Add the measured boiling water and boil for 1 hour on a medium-low heat until the dal is a porridge-like consistency.

With a hand-held electric whisk, whisk the dal so that it becomes completely smooth or blend it in a blender until smooth.

In a large, non-stick saucepan melt the coconut oil, then add the cumin and mustard seeds and fenugreek seeds. When the mustard seeds have popped, add the dried red chillies, cinnamon sticks and cloves. Add the asafoetida and curry leaves, then the tomatoes and stir for a minute.

Add the ground turmeric, red chilli powder, grated ginger, salt, sugar and coriander to the tomato mixture and stir.

Pour in the blended dal, squeeze the lime in and leave to simmer on a low heat for 10-15 mins until it turns orange-brown.

Taste the dal and add more lime or sugar, as required.

My copy of Saffron Soul is bookmarked with several slips of paper, ready for my next Indian vegetarian feast. This is a book I know I am going to be returning to frequently. And here’s how to win one of your own.

Reader giveaway

The prize

One copy of Saffron Soul by Mira Manek worth £13.20.

How to enter

Tell me what your favourite Indian spice is in the comment section of this post.

Terms and conditions

Competition only for residents of the UK.

Closing date for entry will be Sunday 28 May 2017 at midnight.

The winner will be chosen at random after the closing date.

The winner will be notified by email.

No cash alternatives to the prize will be offered. The prize is not transferable.

The editor’s decision is final.

Saffron Soul by Mira Manek is published by Jacqui Small, an imprint of The Quarto Group. Out now.

Available from all good retailers. Photography credit:  © Jacqui Small

To find out more, visit www.miramanek.com

Recipe: Orange and lemon polenta cake

Recipe: Orange and lemon polenta cake

I love baking – not that I do enough of it. Mix a few ingredients in a bowl, pour them into a tin and cook – and voila, you have something delicious on your plate. Okay, it doesn’t always work out quite that way – I’ve had my share of baking disasters. But I’m telling you that this is recipe is going to become a firm favourite. It has few ingredients, takes so little time to make and tastes spectacular.

Recipe: Orange and lemon polenta cake

The golden brown outside and a promise of the citrussy inside

It’s light, sweet and zesty. And the addition of polenta (which I have never used in a cake before) gives it a surprisingly pleasant crunchiness. Of course if you don’t have polenta you could just leave it out but I do think it adds a little something extra.

Recipe: Orange and lemon polenta cake

Deliciously moist slices of citrussy cake

The ingredients

175g self-raising flour

1 tsp baking powder

50g polenta

225g castor sugar

225ml olive oil

4 eggs

Juice and zest of 1 orange

Juice and zest of 1 lemon

The instructions

Preheat the oven to 170C/Gas mark 3.

Mix the flour, baking powder, polenta and castor sugar in a bowl.

Make a hole in the middle and pour in the olive oil. Break the eggs into the olive oil.

Mix well using a wooden spoon until there are no lumps left.

Add the orange and lemon zest and juice and mix.

Grease a cake tin and line the base with greaseproof paper.

Drop the mixture into the tin, smoothing it into the corners.

Bake for 1 hour, then check to see if it’s cooked by inserting a skewer gently into the cake.

If it comes out clean your cake is ready.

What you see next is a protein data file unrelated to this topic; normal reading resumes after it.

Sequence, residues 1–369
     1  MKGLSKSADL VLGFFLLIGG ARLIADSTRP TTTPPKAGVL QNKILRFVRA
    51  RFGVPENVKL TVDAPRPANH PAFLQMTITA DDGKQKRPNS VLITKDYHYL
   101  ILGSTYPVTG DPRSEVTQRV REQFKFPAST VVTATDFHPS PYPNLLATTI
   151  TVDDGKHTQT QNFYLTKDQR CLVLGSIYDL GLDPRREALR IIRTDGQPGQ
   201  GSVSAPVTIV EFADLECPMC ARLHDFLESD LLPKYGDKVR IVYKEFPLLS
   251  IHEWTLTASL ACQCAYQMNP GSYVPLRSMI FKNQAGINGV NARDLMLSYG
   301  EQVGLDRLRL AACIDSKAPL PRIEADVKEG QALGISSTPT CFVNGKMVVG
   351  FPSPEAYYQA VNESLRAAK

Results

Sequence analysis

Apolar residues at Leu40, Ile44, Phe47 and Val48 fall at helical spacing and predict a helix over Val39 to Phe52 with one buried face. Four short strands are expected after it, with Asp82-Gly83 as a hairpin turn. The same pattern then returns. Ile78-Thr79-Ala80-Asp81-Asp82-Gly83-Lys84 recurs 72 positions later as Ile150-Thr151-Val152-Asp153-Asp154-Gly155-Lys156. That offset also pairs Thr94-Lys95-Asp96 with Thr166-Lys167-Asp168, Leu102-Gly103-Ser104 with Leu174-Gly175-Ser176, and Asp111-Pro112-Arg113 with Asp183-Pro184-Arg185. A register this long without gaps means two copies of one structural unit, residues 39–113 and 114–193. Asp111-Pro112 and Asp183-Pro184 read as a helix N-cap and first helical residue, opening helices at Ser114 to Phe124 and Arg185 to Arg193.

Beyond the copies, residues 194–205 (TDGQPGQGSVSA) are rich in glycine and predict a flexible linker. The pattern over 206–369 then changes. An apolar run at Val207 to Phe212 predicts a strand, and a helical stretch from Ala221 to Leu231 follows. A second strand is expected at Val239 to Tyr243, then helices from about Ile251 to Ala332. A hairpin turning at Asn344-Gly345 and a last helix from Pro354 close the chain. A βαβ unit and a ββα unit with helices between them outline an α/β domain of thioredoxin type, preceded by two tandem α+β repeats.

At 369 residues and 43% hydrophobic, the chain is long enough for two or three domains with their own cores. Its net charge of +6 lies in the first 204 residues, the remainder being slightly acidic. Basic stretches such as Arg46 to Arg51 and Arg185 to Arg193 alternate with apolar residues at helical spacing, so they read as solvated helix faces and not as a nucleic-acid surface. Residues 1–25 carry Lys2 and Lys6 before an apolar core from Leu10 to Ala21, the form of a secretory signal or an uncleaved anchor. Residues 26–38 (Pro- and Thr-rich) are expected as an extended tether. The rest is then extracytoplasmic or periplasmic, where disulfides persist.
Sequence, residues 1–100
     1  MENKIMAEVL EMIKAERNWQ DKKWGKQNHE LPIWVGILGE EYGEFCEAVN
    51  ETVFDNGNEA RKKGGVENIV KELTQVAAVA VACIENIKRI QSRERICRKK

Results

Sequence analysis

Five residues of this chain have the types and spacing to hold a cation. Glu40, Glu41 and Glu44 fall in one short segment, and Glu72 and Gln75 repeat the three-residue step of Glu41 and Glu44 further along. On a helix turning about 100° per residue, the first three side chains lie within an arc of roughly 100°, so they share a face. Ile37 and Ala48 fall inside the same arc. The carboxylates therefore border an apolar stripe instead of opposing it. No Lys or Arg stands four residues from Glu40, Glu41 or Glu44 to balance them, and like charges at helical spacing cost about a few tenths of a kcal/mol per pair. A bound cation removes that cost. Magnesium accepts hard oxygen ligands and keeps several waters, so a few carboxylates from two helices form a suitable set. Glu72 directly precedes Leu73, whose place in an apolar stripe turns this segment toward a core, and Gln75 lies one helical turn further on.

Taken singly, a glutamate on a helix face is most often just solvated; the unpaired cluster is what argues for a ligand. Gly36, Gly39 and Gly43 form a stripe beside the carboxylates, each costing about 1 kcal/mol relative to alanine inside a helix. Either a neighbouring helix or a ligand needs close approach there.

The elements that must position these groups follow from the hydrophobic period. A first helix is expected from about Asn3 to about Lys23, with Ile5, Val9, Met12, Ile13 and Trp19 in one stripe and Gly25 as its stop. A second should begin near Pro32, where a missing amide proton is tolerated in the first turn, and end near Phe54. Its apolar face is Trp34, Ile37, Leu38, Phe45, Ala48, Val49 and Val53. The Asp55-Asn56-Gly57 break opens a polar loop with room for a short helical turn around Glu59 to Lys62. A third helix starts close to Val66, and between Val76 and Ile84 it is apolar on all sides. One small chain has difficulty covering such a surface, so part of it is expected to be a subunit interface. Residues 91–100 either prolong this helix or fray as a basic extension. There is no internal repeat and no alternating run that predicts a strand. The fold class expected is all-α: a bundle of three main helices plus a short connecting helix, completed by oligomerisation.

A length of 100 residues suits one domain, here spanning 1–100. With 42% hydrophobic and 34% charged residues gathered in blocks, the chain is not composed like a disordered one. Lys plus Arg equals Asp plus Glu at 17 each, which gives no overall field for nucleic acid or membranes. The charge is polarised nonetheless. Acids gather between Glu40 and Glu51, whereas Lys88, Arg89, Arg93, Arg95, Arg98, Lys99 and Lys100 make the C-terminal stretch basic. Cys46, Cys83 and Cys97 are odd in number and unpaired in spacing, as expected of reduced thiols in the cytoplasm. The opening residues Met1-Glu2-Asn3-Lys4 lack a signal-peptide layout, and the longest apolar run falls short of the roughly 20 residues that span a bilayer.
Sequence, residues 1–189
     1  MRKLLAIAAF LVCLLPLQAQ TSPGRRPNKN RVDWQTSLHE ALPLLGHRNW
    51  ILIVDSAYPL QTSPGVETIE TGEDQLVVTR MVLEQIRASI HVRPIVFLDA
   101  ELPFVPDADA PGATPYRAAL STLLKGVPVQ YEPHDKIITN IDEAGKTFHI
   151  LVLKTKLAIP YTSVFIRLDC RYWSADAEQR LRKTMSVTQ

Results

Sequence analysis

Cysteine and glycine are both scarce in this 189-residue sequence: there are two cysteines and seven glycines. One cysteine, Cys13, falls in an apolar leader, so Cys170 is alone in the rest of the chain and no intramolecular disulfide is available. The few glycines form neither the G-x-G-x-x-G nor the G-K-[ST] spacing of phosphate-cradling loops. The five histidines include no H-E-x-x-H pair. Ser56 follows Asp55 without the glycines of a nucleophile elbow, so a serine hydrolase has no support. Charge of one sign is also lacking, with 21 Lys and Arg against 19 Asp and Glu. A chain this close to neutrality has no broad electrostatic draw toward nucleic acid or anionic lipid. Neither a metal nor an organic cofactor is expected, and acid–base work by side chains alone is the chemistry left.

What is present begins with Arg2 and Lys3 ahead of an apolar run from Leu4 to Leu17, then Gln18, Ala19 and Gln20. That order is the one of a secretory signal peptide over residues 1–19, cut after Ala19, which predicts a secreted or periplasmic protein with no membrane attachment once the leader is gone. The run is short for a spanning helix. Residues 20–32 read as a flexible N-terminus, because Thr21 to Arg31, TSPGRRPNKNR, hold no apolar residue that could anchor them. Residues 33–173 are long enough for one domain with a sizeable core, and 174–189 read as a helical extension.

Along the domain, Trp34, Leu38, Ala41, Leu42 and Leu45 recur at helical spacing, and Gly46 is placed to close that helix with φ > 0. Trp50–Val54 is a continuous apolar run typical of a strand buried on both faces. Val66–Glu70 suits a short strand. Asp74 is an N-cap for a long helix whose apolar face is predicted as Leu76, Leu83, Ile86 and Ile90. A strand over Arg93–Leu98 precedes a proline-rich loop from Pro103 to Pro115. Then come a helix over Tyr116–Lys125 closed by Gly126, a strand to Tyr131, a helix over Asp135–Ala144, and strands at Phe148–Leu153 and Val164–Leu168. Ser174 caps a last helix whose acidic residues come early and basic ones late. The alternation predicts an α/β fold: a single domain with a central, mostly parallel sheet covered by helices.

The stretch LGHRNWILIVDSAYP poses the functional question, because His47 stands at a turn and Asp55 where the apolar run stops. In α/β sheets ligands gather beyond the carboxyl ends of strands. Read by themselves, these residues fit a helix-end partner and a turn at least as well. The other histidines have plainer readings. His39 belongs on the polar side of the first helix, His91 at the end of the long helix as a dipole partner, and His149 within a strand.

Let it rest for 5 mins before moving to a wire rack and removing the paper.

Recipe: Orange and lemon polenta cake

The beautifully yellow and crumbly cake


Recipe: Slow-roasted lamb shanks

Slow-roasted lamb shanks

I have friends that just can’t get that I actually find cooking a lot of fun. It’s creative, relaxing and extremely satisfying when you produce something that everyone loves. I recently spent a day with my 10-year-old niece Kelly cooking dinner for the family and will always remember her smiling face as we sat around the table eating. She was so happy that she had created this delicious food.

Okay, entertaining can be stressful, so you need to plan carefully and make sure you are very organised. The dishes I most like serving are those that can be all prepared and in the oven before your guests arrive. So you can spend time talking to your friends rather than being confined to the kitchen the whole night.

These slow-roasted lamb shanks are one of those.They do take a bit of preparation but you can do all that ahead – and clean everything up, too. And the dish is absolutely delicious and, I think, rather an indulgent treat.

Working out quantities is also easy – one shank and two onions per person means simple serving – and no wastage either.

Do you have a favourite dish you like to cook for guests? I’d love to hear about it.

Recipe: slow-roasted lamb shanks

The melt-in-the-mouth shanks ready to be served

The ingredients

Serves 6

6 lamb shanks

2 tbsps vegetable oil

12 shallots, peeled

4 cloves garlic, peeled and chopped

4cm fresh ginger, peeled and chopped

1 bottle dry white wine

2 tsps ground cumin

2 tsps ground coriander

3 tsps ground cinnamon

1 tsp cayenne pepper

300ml water

2 tbsps mint jelly

2 tbsps chutney

How to do it

Turn the oven on to 130C.

Fry the lamb shanks and shallots in the oil until they are browned.

Transfer them to a large roasting dish.

Sprinkle over the chopped garlic and ginger.

Pour the wine into a large container and mix in the cumin, coriander, cinnamon and cayenne. Then pour it over the lamb shanks.

Add the water.

Spread the mint jelly and the chutney evenly through the dish.

Season with salt and pepper.

Tightly cover the dish with tinfoil.

Place in the oven and roast for 5 hours. Check the dish regularly to make sure it is slowly cooking and to spoon some of the liquid over the lamb shanks. Gently turn the shanks over a couple of times during the cooking.

Serve with cumin roasted potatoes and your choice of vegetables.

My star anise carrot puree the perfect accompaniment, you can find the recipe by clicking here.

Recipe: slow-roasted lamb shanks

The browned shanks before the wine and spices are added

And you can find the recipe for the cumin potatoes (very easy and totally irresistible) by clicking here.

Recipe: cumin potatoes

Crispy little potatoes with deep cumin flavours